Federal Reserve and the Constitution

Part 2 of 1 in the series Paper Money

Congressman Ron Paul (R-Texas) wrote about the role of the Federal Reserve in relationship to the Constitution. After providing a brief U.S. history lesson of the debate over paper money, its attendant danger of inflation, and the role of a central bank in society, he wrote:

Federal Reserve global tentacles The lack of respect for the Constitution even in the nineteenth century set the stage for the Federal Reserve Act of 1913. Fear, misinformation, and ignorance allowed government to ram bad policies down the throat of the American people. This is not unlike giving the president authority to go to war and to bail out those least deserving help in an economic crisis. The rationalization that the state’s interest supersedes the interests and the rights of the people is embedded in the arguments as to why the American people had to go along with those who hate commodity money and love central banking.

The Fed was established as a result of the public and banking clamor for an elastic currency, and an elastic currency is nothing more than one that can be arbitrarily increased in volume at the discretion of the monetary managers. Sometimes they argue over who exactly will have the authority to do so, the central bank or Congress or private banks themselves. Increasing the supply of money and credit is the proper definition of inflation, meaning that when the demands were heard for an elastic currency, all they were looking for was a legal right to inflate the currency for the benefit of whatever special interests they were concerned for at the moment.

Noble intentions are always used to justify the inflation, but the real reasons are far more sinister. Those who get the control over the money are the beneficiaries, not the people as a whole.

Economist John Maynard Keynes, before he became the champion of inflation, wrote quite correctly of the grave danger of inflation. Like Greenspan, he changed his tune as the years moved on. Keynes stated in his book The Economic Consequences of the Peace:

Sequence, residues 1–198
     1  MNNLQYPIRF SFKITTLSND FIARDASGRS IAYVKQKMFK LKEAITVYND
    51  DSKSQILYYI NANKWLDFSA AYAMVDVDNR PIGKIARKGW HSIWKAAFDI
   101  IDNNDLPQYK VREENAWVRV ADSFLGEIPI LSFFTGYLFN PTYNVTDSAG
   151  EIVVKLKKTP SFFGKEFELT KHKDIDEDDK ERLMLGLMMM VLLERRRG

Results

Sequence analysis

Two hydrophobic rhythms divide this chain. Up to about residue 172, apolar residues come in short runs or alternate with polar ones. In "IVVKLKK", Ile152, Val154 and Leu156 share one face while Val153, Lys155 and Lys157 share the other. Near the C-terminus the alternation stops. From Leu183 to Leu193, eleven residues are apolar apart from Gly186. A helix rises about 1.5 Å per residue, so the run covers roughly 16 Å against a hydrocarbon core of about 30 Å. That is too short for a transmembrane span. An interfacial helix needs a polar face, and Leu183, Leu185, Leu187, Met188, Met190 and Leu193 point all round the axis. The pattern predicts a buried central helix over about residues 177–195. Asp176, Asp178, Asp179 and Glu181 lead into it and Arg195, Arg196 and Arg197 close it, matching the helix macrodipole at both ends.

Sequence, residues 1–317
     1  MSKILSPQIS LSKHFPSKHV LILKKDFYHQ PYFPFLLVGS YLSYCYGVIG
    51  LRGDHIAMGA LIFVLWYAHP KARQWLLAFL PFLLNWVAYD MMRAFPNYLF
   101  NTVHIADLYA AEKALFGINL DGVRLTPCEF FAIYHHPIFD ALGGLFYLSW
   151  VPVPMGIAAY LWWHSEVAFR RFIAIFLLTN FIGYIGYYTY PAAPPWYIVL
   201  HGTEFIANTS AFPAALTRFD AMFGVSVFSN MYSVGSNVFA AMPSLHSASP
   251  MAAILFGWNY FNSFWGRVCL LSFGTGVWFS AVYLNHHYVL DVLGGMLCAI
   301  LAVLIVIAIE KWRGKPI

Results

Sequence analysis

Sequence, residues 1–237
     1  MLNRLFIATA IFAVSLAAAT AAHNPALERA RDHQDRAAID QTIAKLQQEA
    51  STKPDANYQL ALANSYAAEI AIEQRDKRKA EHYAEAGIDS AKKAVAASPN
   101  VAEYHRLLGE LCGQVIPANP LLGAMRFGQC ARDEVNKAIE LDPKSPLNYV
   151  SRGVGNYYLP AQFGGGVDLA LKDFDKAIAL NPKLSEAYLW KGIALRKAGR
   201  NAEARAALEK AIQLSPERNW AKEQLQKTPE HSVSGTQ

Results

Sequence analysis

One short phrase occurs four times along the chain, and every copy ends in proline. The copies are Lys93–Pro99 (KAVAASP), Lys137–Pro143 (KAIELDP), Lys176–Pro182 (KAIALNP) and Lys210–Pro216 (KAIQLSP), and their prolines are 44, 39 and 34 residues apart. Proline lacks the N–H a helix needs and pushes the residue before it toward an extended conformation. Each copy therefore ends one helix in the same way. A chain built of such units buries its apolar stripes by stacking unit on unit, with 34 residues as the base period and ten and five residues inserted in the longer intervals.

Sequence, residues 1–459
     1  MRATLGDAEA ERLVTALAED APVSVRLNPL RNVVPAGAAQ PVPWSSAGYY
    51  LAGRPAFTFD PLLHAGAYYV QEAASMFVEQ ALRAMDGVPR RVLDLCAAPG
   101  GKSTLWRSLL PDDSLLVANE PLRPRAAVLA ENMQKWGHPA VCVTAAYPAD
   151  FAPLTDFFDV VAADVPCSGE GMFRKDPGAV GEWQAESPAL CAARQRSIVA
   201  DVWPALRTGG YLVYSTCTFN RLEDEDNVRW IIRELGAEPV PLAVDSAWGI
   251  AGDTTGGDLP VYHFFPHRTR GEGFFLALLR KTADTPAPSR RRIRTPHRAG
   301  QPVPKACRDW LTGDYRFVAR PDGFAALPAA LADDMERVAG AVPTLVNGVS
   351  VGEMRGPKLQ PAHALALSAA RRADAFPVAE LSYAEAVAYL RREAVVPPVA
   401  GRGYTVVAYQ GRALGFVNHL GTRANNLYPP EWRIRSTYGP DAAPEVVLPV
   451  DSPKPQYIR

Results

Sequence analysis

Lenin is said to have declared that the best way to destroy the capitalist system was to debauch the currency. By a continuing process of inflation, governments can confiscate, secretly and unobserved, an important part of the wealth of their citizens.There is no subtler, no surer means of overturning the existing basis of society than to debauch the currency. The process engages all the hidden forces of economic law on the side of destruction, and does it in a manner which not one man in a million is able to diagnose.1

His Tract on Monetary Reform from 1923 is also clear:

A government can live for a long time . . . by print[ing] paper money. That is to say, it can by this means secure the command over real resources – resources just as real as those obtained by taxation. . . . A government can live by this means when it can live by no other. It is the form of taxation which the public finds hardest to evade and even the weakest government can enforce, when it can enforce nothing else.2

Marx’s Fifth Plank of the Communist Manifesto mandates a strong central bank monopoly. This was seen as necessary to maintain power over the entire economy and to protect against the encroachment of capitalism.

The Federal Reserve Act of 1913 established the Federal Reserve System to supervise the now fully elastic and easily debauched currency by the unconstitutional powers given to it. Not only would the Fed be able to create money out of thin air, banks were participating and benefiting in the process through fractional reserve banking.

Unfortunately but deliberately, a wall was built between the Federal Reserve and Congress. Congress created the system and could end it. Some say that the great evil is that it’s a private bank; therein lies the problem. If that were the only problem, all that would have to be done is to apply the laws against the Fed that apply to all other private corporations. I see the Fed as being much better off than just being private. It’s sanctioned by the government, protected by the government, and has the privilege of total secrecy.3

Proponents of Keynesian economics have long favored paper money – and either knowingly or unknowingly – favored an inflationary system which has led to disastrous consequences in this country.4 Even though the bill HR 1207 – Audit the Fed would provide much needed transparency into the Federal Reserve Board’s activities, especially its Open Market Committee meetings, it appears that the public is becoming more aware of what is at stake concerning control of the nation’s monetary system.

More on that later.


  1. John Maynard Keynes, The Economic Consequences of the Peace (New York: Harcourt, Brace, 1920), pp. 235-236.
  2. John Maynard Keynes, A Tract on Monetary Reform (London: Macmillan, 1923), Chapter II, Section I.
  3. Paul, Ron. Excerpt from “The Constitutional Case”. End the Fed. New York: Grand Central Publishing, 2009. 170-172.
  4. See Keynesian Economics and Savings.

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